Answer to Question #8629 Submitted to "Ask the Experts"

Category: Instrumentation and Measurements — Instrument Calibration (IC)

The following question was answered by an expert in the appropriate field:

I have seen a paper about GAFCHROMIC films (Butson, Applied Radiation and Isotopes (64):60-62; 2006) that gives the measured values of the energy dependence (relative response as compared to 60Co) from 28 keV and above. No measurements have been done below this energy (at least I am not aware). I am interested in measuring the doses resulting from synchrotron radiation by using the same GAFCHROMIC EBT film as used by Professor Butson. The synchrotron (x-ray) energy is likely to vary from 1 keV to 40 keV. The GAFCHROMIC EBT film is reported to be nearly energy independent above 28 keV. However, at low energies its relative response (energy dependence) is not known. How can I determine the dose accurately? Has anyone measured the relative response below 28 keV? Can the response factors be determined theoretically?

I also am not aware of any photon-energy-dependent studies that have been done for the GAFCHROMIC EBT films below the 28 keV energy to which you refer. The film was developed particularly for applications in medical therapy, especially for work involving intensity modulated radiation therapy, and, as such, the major interests are in higher-energy photons.

There are some possible approaches to attempt to establish the energy-dependent dose response of the film in the energy range of interest to you—i.e., from 1 keV to 40 keV. Probably the most effective manner to make such estimations is to run Monte Carlo simulations for the energies (and geometries) of interest. If this approach is not available to you, there are some other possible deterministic approaches that may be helpful.

At the very low-energy end of the distribution of interest to you, the interactions are dominated by the photoelectric effect. According to specifications that I have found for the film in a white paper from International Specialty Products (ISP), the active region consists of two 17-micron-thick layers separated by a 6-micron-thick layer, and both outer large surfaces of the film are covered by a protective layer of polyester film, each such layer being 70 microns in thickness.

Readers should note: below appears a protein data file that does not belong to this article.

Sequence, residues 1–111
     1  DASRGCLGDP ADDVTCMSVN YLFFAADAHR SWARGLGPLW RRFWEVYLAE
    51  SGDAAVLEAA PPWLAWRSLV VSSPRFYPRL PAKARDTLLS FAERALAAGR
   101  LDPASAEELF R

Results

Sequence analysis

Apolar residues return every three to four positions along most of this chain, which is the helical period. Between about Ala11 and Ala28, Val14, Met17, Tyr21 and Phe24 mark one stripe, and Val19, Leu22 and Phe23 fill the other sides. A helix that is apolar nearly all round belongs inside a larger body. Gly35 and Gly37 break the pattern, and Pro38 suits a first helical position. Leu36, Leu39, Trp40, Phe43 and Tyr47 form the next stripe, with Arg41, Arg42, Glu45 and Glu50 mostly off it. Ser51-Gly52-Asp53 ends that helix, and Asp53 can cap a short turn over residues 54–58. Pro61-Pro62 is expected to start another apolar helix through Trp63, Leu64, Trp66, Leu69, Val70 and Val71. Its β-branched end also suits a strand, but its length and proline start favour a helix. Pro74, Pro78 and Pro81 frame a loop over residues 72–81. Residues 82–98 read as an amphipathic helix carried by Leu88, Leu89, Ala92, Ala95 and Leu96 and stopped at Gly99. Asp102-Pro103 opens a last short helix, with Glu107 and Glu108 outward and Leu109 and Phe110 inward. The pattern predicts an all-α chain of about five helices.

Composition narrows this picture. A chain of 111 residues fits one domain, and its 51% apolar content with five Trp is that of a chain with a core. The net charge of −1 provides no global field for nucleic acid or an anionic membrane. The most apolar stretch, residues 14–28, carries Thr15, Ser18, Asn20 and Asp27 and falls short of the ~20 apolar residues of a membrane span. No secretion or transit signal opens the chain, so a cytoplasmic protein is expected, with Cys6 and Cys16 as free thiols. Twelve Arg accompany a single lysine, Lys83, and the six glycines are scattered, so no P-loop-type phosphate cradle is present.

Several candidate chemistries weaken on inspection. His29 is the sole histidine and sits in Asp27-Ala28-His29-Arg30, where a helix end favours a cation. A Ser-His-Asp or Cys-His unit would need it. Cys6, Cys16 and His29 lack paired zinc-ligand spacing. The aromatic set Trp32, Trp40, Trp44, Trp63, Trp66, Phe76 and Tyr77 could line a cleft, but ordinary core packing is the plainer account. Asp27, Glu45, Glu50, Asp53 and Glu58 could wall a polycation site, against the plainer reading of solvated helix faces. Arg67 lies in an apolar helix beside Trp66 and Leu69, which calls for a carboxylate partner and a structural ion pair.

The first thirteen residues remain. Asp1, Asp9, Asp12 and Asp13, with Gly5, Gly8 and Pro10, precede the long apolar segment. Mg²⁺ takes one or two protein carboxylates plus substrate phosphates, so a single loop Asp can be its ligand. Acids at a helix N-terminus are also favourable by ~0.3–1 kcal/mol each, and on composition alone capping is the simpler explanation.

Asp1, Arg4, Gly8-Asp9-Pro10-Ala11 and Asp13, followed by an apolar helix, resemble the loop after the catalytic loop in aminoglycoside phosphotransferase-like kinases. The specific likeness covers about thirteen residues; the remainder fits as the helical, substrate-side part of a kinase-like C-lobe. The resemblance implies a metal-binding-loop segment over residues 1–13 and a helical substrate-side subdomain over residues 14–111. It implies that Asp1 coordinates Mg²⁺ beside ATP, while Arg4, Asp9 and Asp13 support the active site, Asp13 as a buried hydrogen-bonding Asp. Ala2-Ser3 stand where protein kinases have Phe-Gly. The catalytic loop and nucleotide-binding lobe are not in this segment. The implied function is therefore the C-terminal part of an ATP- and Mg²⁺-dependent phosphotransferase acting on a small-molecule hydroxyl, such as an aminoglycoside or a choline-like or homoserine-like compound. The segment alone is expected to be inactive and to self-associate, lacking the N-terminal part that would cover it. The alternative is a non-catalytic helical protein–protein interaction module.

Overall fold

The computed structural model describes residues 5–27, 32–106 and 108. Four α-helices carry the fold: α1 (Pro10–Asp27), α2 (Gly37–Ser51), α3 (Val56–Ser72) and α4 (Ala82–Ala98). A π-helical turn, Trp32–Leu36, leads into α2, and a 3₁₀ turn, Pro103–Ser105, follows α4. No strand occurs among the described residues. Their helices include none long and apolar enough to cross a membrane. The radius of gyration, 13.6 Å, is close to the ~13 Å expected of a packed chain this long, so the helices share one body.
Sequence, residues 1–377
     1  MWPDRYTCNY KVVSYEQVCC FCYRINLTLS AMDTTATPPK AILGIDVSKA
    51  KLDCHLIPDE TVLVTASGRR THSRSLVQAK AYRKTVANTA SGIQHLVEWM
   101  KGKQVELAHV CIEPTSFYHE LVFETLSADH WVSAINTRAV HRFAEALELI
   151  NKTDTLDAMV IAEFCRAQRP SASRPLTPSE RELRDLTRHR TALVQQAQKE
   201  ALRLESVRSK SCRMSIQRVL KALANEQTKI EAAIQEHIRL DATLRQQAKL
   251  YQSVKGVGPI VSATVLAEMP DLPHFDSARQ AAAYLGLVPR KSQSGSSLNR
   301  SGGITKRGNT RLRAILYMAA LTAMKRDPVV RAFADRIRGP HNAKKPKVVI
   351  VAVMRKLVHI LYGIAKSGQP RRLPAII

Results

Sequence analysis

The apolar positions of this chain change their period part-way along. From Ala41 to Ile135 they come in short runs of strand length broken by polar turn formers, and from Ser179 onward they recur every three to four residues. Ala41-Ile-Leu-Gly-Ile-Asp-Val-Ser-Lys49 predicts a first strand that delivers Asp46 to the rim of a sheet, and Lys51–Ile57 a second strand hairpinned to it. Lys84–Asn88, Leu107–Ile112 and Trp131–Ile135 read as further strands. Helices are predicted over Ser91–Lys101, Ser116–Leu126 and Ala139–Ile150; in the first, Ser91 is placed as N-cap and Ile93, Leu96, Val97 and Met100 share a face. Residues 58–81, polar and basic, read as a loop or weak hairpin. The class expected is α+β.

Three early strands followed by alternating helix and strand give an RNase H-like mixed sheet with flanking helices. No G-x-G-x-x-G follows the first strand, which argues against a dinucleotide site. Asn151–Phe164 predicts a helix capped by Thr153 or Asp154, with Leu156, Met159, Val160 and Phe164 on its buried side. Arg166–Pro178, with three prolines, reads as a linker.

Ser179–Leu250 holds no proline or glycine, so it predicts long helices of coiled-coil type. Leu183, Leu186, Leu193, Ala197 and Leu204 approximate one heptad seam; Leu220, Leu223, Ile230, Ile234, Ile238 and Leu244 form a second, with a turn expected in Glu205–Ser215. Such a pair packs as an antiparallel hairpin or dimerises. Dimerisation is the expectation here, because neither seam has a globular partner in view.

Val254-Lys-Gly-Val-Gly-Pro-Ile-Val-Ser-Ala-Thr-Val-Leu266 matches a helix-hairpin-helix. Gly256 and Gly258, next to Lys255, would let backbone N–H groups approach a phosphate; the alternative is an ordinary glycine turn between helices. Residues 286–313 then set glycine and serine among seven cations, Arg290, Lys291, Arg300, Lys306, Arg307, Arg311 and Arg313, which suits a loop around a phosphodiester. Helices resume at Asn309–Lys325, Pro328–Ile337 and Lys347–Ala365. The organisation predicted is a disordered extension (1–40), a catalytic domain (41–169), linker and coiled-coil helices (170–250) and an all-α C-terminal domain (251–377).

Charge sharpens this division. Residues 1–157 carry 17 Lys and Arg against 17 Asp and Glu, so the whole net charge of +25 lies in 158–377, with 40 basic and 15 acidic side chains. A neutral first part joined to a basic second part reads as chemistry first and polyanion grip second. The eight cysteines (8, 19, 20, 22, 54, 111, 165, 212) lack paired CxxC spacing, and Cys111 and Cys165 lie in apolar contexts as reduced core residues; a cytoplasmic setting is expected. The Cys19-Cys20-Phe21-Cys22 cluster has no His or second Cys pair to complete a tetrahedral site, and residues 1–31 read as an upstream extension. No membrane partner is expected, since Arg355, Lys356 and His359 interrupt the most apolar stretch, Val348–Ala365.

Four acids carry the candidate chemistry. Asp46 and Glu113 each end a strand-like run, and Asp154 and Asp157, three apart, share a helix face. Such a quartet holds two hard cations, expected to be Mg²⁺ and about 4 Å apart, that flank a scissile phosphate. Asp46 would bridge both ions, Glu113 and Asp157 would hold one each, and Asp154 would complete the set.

Assuming that this covering material is similar to a commonly used polyester such as polyethylene terephthalate (Dupont mylar), the 70-micron layer would be sufficient to stop pretty much all 1 kev photons incident on it. Two keV photons would penetrate to the extent of about 2 percent. At 3 keV the penetration would be close to 30 percent, at 5 keV around 75 percent, and about 97 percent at 10 keV. For estimation purposes, it is reasonable to assume that most all of the interactions that occur in the active film at these low energies will be by the photoelectric effect. Then, for a beam of photons incident normally on the film surface, the average dose delivered throughout the active region, Davg, may be related to the dose at the protective outer surface by, Ds, by


where µ/r is the mass attenuation coefficient for the film material (here it is assumed that the mass attenuation coefficient for the protective layer and the active medium are the same), T1 is the mass density thickness of the protective layer, and T2 is the total mass density thickness of the active material (note that in the calculations done here I have added the 6-micron-thick layer to the two 17-micron-thick active regions in evaluating the average dose through the active material).